When you purchase your pattern, MAKE SURE YOUR SIZE IS INCLUDED IN THE ENVELOPE YOU PICK UP. STORES DO NOT TAKE RETURNS ON PATTERNS. The envelopes for different size groups all look the same, except in the small area designated to label what sizes are included in the package. Make sure you check for that. It will be along the top or side edge of the front of the pattern envelope.
I am including many pictures and links for patterns from the Big 3 American Pattern companies below: McCall’s, Simplicity and Butterick. Also, I found some interesting patterns from New Look and Hot Patterns. All of these are meant as suggestions for learning sewers. Usually, the less pieces and details, the easier the clothing is to make. Also, the less tailored, the easier it will be to fit you.
I strongly urge you to stick with woven cottons or linens/linen blends for your first clothing project. A nice stable fabric will be much easier to work with than something flowing or sheer or slippery. Please follow this advice. There is nothing more frustrating than to have to work with a fabric which is hard to control, especially without the experience to back you. Also, no knits! We wear knits all the time. They are so inexpensive to buy in ready-made clothing. But, for sewing, they are not easy to handle if you haven’t sewn clothing before.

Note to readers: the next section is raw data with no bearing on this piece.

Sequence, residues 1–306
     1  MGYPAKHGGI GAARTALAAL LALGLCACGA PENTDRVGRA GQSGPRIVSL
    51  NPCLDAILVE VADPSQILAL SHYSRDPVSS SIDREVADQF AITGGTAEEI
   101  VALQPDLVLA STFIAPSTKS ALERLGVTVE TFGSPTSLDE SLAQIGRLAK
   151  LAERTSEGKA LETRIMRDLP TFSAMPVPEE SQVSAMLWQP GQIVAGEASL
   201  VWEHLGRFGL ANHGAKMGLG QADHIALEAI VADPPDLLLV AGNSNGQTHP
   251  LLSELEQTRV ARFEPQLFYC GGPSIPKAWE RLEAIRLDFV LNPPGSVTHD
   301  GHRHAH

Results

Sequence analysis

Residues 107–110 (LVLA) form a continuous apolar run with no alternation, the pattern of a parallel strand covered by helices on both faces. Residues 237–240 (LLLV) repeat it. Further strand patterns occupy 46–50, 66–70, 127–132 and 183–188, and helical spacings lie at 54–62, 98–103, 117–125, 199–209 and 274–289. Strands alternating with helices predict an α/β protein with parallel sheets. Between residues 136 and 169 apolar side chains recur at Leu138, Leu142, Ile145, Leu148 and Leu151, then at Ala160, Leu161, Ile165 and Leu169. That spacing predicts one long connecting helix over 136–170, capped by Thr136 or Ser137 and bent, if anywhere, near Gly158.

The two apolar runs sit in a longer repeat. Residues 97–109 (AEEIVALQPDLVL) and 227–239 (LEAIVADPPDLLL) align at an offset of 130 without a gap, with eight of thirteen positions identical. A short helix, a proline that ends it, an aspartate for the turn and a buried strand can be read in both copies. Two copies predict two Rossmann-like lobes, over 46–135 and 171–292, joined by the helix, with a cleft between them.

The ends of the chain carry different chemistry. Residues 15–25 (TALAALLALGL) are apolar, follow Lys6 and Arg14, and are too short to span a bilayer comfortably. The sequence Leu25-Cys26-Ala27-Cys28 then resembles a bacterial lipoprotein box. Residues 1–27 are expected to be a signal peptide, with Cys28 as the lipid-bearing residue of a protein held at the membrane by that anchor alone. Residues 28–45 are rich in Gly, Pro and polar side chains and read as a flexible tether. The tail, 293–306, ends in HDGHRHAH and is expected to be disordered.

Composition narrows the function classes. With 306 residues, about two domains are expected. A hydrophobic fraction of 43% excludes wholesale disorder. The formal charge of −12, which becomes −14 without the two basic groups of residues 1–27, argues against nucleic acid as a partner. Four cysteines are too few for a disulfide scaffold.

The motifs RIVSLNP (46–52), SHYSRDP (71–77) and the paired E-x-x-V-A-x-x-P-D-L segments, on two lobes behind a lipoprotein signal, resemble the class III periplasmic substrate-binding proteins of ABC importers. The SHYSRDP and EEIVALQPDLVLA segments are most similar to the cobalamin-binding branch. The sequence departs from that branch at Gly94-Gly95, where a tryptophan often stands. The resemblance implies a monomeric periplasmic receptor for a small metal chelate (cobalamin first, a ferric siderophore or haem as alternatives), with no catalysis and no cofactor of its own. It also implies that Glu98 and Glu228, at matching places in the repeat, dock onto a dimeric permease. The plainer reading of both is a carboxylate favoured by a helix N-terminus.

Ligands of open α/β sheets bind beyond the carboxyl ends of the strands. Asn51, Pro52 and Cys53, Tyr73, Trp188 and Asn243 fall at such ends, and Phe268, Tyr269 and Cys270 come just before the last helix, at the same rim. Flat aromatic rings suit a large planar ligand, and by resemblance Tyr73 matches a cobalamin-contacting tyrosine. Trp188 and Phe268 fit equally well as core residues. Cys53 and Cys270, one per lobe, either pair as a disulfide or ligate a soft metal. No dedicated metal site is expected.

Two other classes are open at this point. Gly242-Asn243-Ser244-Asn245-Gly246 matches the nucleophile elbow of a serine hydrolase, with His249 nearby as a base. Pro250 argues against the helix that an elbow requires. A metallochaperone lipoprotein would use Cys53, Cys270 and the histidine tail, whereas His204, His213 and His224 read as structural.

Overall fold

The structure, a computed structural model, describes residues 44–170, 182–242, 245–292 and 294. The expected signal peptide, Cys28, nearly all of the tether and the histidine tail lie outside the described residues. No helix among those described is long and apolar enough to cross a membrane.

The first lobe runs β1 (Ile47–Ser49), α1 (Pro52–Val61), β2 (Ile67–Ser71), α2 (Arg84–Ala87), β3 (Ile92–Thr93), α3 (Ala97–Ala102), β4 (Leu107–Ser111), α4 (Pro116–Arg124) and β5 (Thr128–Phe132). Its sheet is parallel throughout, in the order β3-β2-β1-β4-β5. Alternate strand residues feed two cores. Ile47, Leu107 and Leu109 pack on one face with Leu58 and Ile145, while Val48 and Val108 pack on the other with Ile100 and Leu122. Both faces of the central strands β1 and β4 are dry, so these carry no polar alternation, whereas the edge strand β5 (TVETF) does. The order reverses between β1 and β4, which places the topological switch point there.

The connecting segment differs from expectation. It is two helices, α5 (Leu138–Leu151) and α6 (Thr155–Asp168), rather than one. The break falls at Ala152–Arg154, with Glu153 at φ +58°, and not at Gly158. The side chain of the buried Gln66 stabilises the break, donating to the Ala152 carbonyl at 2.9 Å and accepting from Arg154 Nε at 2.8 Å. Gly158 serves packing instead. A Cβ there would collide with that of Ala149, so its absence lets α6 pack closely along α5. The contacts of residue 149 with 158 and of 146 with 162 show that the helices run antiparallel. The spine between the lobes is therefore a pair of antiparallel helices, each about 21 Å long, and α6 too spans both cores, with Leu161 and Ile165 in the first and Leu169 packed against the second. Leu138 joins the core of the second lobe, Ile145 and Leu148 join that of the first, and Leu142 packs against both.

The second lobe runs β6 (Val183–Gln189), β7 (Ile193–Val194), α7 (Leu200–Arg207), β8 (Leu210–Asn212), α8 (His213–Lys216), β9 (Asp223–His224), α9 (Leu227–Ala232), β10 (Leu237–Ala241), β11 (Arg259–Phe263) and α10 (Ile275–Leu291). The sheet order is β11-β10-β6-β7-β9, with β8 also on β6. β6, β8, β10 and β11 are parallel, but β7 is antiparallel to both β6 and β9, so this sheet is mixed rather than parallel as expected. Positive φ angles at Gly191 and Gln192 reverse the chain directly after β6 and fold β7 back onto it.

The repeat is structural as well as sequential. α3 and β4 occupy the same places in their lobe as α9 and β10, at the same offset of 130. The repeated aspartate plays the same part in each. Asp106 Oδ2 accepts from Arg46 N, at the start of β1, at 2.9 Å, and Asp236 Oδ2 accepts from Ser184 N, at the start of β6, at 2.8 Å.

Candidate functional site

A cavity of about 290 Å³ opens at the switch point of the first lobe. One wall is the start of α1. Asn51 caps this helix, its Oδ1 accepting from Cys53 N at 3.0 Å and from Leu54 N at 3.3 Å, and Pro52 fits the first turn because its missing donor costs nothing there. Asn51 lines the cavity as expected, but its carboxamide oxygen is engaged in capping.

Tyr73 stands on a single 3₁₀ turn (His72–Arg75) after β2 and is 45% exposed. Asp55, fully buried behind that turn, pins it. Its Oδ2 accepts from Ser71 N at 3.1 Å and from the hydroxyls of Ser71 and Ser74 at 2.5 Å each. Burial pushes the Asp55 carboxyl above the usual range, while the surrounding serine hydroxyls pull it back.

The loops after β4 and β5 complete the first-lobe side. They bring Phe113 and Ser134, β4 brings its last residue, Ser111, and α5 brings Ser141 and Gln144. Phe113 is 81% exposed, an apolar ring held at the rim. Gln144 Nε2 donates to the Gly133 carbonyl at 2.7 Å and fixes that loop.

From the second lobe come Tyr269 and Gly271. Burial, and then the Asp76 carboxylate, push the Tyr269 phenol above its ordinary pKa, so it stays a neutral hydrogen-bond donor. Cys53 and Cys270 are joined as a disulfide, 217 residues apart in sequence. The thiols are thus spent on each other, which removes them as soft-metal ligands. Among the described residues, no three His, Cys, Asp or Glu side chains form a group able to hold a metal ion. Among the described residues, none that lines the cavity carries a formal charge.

When I mention cottons or linens, here are some examples. Many cottons designed for quilting are wonderful for pajama bottoms, skirts and tops. Flannel is great for pajamas. Linen and blends can work very well for any of these items depending on the weight, or thickness, of them. Cotton eyelet can work nicely. Also, for a closer fitting skirt or pant, you can find some nice bottom weights, like a stretch twill cotton, which includes a little lycra. Or a lightweight denim.
Please wash & dry your fabric ahead of class time. This will preshrink the fabric and remove any sizing (starch) and residual pesticides that have been added to the material to keep it well in transit and storage and on display. Do not use fabric softener in the wash or softener sheets in the dryer. If you will be using a fusible interfacing, the softener will keep it from adhering to the fabric. After the garment is made, it is fine to use fabric softener when it is laundered.